An ayurvedic practitioner prescribes allopathic medicines in Bhola, a Satkhira hospital remains off limits to surgery patients for years, while nurses and ward boys run the emergency unit of a Netrokona government facility. These are some of the grim pictures at government healthcare facilities in rural Bangladesh.
Currently as many as 58% of upazila hospitals do not have all the physicians they are supposed to have, while some of the health facilities have eight of the ten posts empty, according to available data from the health directorate.
With a severe doctor shortage in rural areas, the authorities say their hands are tied as they cannot provide non-Covid patients with proper medical services that were halted for about a year and a half due to the pandemic-led exhausting pressure on the healthcare system.
With a patient rush, doctor shortage now often forces hospitals to come up with desperate choices that are sheer quackery.
Take for instance the 250-bed Bhola district hospital that now has its 48 physician posts vacant. In the hospital, an ayurvedic practitioner has been tasked to tackle the patient rush at the outdoor unit. The alternative medicine doctor, who is said to have gathered medical experience from on-duty doctors, prescribes allopathic drugs for 500-700 patients per day.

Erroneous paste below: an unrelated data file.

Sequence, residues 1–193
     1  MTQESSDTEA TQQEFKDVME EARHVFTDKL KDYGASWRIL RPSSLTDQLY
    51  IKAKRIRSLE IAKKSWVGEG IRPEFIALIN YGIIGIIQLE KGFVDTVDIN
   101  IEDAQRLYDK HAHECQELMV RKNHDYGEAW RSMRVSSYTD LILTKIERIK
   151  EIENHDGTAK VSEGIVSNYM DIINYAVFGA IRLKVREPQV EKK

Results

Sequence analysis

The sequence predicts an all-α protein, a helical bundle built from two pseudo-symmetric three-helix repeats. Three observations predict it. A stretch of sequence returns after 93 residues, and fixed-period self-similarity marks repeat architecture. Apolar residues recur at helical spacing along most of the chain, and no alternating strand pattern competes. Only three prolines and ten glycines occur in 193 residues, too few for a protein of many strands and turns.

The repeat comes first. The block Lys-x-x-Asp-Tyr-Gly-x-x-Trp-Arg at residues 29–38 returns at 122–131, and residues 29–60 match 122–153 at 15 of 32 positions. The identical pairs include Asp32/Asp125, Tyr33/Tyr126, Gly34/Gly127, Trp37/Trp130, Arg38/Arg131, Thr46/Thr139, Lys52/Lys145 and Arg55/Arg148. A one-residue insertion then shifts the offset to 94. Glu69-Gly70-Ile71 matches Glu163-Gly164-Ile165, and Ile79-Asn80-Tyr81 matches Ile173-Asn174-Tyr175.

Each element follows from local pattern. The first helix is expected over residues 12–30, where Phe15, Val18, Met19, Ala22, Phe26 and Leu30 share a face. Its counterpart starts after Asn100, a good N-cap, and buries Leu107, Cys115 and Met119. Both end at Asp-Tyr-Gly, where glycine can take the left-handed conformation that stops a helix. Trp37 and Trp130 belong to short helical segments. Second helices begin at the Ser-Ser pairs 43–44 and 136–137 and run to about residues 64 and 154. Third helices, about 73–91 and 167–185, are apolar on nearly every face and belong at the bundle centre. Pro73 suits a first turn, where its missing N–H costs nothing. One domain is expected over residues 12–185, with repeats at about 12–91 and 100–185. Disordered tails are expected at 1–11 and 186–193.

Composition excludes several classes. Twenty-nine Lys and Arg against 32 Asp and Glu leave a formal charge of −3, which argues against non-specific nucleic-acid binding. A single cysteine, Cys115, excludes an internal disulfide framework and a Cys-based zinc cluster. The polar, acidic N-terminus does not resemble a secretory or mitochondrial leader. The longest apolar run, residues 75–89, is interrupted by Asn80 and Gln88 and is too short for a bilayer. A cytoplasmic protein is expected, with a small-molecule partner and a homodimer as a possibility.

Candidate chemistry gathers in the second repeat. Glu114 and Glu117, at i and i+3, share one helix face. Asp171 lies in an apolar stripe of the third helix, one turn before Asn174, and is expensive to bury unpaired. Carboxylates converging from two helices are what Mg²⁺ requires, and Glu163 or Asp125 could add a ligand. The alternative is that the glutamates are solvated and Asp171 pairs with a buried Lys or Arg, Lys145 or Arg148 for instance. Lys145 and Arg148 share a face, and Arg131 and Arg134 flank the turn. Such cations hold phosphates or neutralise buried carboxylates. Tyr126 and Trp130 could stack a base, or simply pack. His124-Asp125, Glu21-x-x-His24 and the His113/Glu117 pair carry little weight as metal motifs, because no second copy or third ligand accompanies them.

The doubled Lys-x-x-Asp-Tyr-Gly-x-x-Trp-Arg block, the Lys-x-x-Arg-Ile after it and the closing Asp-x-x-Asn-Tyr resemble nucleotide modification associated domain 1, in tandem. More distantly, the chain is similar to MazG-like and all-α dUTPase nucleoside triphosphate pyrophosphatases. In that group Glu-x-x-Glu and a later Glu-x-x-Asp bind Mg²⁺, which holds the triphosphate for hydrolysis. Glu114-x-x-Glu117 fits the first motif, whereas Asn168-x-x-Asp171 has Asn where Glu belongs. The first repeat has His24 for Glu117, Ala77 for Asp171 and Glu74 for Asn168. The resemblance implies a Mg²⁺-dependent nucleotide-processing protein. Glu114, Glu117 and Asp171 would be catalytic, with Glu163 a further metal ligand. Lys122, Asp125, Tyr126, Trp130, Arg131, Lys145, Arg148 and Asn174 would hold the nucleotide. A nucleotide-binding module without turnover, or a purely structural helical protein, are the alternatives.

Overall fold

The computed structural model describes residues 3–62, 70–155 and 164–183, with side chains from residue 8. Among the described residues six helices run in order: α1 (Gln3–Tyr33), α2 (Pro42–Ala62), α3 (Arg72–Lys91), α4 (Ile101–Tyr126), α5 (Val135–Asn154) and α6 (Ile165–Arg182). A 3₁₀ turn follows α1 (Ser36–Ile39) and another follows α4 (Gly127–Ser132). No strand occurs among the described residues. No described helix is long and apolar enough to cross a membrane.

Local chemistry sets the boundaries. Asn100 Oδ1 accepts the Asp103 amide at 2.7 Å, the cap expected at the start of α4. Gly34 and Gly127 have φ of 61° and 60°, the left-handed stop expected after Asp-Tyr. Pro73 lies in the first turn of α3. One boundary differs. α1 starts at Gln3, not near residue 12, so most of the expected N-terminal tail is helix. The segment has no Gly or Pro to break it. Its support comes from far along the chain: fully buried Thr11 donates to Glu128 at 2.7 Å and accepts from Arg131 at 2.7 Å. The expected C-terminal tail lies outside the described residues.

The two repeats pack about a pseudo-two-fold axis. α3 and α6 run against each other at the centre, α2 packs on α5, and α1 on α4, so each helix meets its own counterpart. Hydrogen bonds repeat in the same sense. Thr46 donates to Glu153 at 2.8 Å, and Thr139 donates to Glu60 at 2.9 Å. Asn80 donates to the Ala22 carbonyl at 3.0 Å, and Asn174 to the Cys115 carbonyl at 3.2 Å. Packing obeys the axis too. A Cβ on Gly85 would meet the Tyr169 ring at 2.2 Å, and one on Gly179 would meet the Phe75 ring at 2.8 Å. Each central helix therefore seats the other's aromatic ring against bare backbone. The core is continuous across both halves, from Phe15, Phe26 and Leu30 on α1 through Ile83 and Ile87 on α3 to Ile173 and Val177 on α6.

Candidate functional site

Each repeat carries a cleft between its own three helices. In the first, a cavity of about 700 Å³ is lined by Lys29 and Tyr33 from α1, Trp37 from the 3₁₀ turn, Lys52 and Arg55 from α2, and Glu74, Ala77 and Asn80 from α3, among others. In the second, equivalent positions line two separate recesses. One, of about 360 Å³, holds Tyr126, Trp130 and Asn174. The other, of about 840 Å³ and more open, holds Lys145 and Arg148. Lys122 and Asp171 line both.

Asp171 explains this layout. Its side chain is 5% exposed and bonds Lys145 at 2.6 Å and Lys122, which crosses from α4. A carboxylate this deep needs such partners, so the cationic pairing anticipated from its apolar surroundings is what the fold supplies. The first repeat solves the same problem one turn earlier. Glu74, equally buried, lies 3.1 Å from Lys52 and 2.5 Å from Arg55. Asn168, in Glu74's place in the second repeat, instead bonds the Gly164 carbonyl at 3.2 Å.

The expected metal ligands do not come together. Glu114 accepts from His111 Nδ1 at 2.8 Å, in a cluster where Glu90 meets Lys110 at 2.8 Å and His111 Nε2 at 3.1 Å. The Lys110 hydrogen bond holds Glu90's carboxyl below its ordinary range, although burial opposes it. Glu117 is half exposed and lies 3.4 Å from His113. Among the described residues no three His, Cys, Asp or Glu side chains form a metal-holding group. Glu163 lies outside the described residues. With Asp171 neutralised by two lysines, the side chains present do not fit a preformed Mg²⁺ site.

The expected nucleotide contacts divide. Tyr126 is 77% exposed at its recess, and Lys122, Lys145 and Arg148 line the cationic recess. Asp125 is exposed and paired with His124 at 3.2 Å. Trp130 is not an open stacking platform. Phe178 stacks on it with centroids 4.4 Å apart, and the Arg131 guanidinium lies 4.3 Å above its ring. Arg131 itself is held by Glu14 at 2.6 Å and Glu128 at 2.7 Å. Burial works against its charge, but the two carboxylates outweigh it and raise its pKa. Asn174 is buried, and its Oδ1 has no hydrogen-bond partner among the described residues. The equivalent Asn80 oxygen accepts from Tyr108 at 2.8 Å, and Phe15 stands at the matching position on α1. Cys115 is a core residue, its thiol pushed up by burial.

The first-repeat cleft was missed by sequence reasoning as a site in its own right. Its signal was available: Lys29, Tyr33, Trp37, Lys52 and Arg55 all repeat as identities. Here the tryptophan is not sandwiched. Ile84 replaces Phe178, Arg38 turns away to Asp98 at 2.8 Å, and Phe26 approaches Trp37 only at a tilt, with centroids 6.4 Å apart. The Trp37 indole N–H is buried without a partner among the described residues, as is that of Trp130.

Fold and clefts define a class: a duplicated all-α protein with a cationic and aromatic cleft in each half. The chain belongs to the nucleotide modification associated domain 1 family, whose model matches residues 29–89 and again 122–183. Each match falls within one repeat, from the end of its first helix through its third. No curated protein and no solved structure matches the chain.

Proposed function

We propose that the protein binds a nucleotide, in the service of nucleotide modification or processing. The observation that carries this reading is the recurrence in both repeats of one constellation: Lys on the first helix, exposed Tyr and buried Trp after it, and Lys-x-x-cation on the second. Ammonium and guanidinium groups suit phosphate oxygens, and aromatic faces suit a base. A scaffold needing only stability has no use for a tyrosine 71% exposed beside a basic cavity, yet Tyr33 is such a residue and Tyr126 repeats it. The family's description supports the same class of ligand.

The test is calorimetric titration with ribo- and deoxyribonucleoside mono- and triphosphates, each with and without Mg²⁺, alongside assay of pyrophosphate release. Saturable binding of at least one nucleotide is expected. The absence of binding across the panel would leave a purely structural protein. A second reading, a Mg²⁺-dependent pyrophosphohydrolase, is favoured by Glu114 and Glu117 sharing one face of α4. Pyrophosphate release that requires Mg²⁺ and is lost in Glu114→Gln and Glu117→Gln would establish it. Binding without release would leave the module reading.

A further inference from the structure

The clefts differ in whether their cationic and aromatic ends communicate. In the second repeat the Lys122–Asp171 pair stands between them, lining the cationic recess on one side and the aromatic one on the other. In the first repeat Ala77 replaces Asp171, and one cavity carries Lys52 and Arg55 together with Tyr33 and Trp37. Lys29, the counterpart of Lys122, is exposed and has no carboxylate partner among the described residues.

"What better could I do?" Dr Md Serajuddin, superintendent of the hospital, replied when asked whether such "experience" is enough to treat patients.
"We try to give our best. But the skeleton manpower regularly stretches our working hours," he told The Business Standard, adding that better medical care could have been provided if there had not been a workforce crisis.
In Satkhira's Shyamnagar upazila, only four doctors are available against 33 posts. There is no resident medical officer, junior consultant of obstetrics and gynaecology and junior consultant anesthetist; and the hospital cannot conduct any surgery either.
In Netrokona's Khaliajuri 31-bed upazila hospital, fourth class nurses and ward boys run the emergency unit as there is only one doctor against five posts.
According to the real time health information dashboard of the health directorate, there are 10,471 physician posts at upazila health complexes across the country, with 6,130 of them now vacant. Doctor shortage at grade-9, the entry level post for doctors in government service, is the severest as more than 61% of the posts are now vacant.
Doctor shortage more in Barishal, less in Dhaka
In Dhaka division, the lowest 42% of physician posts are vacant while Barishal has more than 73% of the posts empty, according to the health directorate.
In Barishal, only 147 grade-9 doctors are available against 555 posts while there are 32 junior consultants against 222 posts.
There are no physician vacancies in Gazipur, Narayanganj, Narsingdi, Nawabganj, Keraniganj and other upazila hospitals in Dhaka division.